Pat Chavez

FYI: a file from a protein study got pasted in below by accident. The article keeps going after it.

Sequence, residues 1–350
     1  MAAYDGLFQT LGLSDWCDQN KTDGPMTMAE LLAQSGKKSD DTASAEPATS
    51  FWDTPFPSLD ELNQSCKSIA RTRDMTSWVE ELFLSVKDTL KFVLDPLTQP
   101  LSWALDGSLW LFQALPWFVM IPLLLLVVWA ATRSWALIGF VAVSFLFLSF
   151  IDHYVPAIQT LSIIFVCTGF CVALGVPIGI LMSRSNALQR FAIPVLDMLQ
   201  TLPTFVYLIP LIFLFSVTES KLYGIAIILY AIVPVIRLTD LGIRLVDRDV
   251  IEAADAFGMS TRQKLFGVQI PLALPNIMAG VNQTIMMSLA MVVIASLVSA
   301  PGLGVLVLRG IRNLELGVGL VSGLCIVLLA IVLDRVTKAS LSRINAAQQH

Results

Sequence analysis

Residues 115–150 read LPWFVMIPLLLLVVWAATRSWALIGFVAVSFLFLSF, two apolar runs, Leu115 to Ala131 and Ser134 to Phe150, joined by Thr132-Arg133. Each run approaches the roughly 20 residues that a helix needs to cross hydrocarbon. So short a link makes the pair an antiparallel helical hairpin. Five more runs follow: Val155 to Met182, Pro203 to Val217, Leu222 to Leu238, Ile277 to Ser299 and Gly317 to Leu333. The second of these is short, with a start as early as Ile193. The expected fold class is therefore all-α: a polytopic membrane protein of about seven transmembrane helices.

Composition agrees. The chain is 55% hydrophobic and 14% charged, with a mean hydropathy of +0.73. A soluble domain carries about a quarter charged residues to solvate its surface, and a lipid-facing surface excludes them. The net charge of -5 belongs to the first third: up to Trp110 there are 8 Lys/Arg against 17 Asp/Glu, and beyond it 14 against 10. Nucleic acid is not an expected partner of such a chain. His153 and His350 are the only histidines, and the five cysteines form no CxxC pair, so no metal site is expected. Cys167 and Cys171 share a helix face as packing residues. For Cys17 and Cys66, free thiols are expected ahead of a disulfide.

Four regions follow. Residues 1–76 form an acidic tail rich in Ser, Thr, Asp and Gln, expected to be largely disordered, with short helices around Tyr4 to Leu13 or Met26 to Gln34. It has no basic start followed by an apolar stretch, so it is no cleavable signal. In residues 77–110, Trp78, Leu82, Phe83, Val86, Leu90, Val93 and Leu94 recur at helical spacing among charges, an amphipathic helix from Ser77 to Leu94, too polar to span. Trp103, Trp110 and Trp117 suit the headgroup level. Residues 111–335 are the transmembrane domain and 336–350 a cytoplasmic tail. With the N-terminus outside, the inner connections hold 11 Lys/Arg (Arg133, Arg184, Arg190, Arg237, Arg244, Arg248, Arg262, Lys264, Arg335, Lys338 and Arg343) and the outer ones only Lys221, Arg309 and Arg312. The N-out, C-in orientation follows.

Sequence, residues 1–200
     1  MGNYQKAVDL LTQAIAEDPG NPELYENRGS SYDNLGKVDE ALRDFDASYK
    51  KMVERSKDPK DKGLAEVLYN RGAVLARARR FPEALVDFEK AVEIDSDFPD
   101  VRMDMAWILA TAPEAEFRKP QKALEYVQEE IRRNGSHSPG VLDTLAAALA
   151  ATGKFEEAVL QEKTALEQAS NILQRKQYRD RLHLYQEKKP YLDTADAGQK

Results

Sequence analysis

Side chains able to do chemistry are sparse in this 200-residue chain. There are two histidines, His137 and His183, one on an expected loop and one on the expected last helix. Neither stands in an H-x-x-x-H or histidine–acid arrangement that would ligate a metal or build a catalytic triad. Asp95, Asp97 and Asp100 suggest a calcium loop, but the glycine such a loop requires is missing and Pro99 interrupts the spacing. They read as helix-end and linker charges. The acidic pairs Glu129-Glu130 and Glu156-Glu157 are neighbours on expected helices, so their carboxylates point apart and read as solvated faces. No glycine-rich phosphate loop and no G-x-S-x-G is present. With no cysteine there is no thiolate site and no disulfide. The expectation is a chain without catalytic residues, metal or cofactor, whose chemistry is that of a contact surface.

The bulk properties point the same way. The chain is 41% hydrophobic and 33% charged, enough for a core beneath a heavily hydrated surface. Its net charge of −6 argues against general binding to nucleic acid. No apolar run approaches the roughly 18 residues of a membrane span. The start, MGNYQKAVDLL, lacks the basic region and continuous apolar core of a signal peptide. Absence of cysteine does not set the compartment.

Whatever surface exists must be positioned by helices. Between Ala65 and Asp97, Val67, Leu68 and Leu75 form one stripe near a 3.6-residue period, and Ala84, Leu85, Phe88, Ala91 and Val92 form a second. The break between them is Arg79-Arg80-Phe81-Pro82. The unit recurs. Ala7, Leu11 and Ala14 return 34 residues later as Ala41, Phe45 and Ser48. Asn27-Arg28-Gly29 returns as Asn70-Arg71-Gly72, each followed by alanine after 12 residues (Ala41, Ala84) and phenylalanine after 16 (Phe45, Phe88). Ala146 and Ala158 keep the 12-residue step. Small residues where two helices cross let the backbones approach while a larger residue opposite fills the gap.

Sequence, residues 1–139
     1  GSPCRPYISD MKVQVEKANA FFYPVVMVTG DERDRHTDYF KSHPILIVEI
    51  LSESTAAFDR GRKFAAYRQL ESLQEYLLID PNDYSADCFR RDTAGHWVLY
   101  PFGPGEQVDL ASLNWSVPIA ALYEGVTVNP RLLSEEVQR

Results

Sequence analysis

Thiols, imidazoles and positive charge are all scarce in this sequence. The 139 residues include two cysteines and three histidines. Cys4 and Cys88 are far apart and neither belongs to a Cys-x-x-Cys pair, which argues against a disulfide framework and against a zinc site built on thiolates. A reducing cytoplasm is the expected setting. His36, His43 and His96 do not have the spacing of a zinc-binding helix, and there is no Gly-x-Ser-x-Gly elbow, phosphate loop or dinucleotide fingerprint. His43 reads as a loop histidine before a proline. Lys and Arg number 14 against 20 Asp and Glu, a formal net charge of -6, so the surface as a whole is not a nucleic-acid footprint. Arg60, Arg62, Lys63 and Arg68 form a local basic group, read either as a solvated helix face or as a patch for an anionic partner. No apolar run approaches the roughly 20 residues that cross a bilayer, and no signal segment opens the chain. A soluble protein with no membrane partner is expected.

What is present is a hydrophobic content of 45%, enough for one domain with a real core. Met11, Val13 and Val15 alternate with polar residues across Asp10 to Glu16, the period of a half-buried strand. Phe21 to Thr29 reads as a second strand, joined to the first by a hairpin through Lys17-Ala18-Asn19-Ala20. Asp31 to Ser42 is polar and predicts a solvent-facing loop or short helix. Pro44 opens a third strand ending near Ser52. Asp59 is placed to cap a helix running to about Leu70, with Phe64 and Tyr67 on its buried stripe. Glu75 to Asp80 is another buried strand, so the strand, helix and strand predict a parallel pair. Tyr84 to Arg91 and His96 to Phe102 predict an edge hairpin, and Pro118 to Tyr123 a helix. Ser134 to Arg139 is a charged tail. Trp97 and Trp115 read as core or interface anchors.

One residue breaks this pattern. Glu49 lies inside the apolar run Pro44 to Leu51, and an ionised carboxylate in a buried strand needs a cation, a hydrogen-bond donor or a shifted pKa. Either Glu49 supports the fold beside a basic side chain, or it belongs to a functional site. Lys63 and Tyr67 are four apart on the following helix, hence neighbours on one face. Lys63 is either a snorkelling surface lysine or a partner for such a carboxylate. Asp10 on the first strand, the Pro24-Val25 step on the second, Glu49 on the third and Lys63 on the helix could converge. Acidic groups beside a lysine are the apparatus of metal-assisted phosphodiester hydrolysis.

PAT CHAVEZ [ESPANOLA HIGH CLASS OF 63] Lord, I hope this day is good I’m feeling empty and misunderstood I should be thankful Lord, I know I should But Lord, I hope this day is good What, you might ask, do those lyrics from the Don Williams country classic have to do with 1963 Espanola High graduate Pat Chavez? More than you might imagine. Chavez, you see, became quite a bass fisherman—good enough to compete in professional tournaments—after he left New Mexico in the mid ‘60s to pursue a career in the Air Force. A fellow airman introduced Pat to the sport of bass fishing while Pat was on a brief furlough in Alabama. ``He lent me his rod and a plastic “worm” ’’says Pat. ``I caught a five pound bass and I guess I was hooked (no pun intended). (Before that) I never even knew what a bass was.’’ Once he got involved in tournaments, Williams’ ``Lord I Hope This Day Is Good’’ became part of Pat’ tournament preparation. Every time he headed out for a day of competitive fishing, that song would be the first one Pat played on his boat’s tape player. It’s safe to say Pat and his wife Jeanette have had a multitude of good days in their nearly 50-year partnership. They raised two children—John and Tammy—and have six grandkids. The Air Force afforded them the opportunity to live all over the U.S., but when it came time to retire, they returned to their roots and settled in Albuquerque. Pat spent much of his early youth in the southern Colorado community of Center. His parents, Pedro and Maria Ernestina, had moved there from the Rio Arriba County hamlet of Chili when Pat was about eight years old. They raised potatoes and lettuce on the farm in Center and Pat would help irrigate barley land for the Adolph Coors Brewing Company. Pat’s dad retired in the spring of 1959 and the family moved back to Chili. Pat finished up his seventh grade year at the school in Hernandez. Understandably, the young man who was used to wearing Cowboy boots and bib overalls felt a little out of place. He acclimated and his quick smile and friendly nature won over his peers. At Espanola High School, Pat excelled in art and played on the football team. He and fellow Espanola alum and Chili neighbor John Herrera became good friends—a friendship that remains as strong as ever. The two shared an apartment in Albuquerque for a year or so after high school. John was attending a business school. Pat was and working as a ``lot boy’’ at a car dealership on North Fourth. Anxious to do something more productive, Pat joined the Air Force on July 14th, 1964. He was 19. By then, he and Jeanette had found each other. They met at a wedding dance in Encino, a neighboring community to Jeanette’s hometown of Vaughn. The attraction, says Pat, was instant. ``She was beautiful,’’ says Pat. ``She was sitting there with her grandmother, an aunt and two cousins.’’ Pat asked one of the band members to ``play a slow one,’’ then walked up to Jeanette and asked her to dance. They were married in June of 1966. Pat didn’t set out to make the Air Force a career. But he re-enlisted when his first four-year tour ended. He was making $78 a month when he first joined. That amount jumped to $178 when he and Jeanette got married and he got a $1,700 bonus when he re-upped for four more years. ``That was a lot of money,’’ says Pat. ``I was able to buy a Camaro.’’ His career included a year in Vietnam and an assignment in the far northwest corner of the U.S. There, he was part of a security force that guarded squadrons of F-102 fighter jets that were loaded with nuclear weapons—just in case the Russians tried to launch an invasion. These days, Pat spends time pulling for the Denver Broncos and New Mexico Lobos. He and Jeanette long ago became NASCAR fans and travel when they can to a race. And they’re part of that extended family of Nortenos who grew up in the Espanola Valley in the ‘50s and ‘60s and have reconnected all these years later. Written by Pete Herrera

 

 

 

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